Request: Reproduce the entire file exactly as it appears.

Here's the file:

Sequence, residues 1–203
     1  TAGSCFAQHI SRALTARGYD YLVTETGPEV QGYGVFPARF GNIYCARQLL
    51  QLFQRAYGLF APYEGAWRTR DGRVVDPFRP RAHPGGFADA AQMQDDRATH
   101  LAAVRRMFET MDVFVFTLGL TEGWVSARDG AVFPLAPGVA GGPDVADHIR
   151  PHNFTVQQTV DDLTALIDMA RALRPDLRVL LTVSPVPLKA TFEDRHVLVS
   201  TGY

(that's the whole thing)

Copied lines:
Sequence, residues 1–203
     1  TAGSCFAQHI SRALTARGYD YLVTETGPEV QGYGVFPARF GNIYCARQLL
    51  QLFQRAYGLF APYEGAWRTR DGRVVDPFRP RAHPGGFADA AQMQDDRATH
   101  LAAVRRMFET MDVFVFTLGL TEGWVSARDG AVFPLAPGVA GGPDVADHIR
   151  PHNFTVQQTV DDLTALIDMA RALRPDLRVL LTVSPVPLKA TFEDRHVLVS
   201  TGY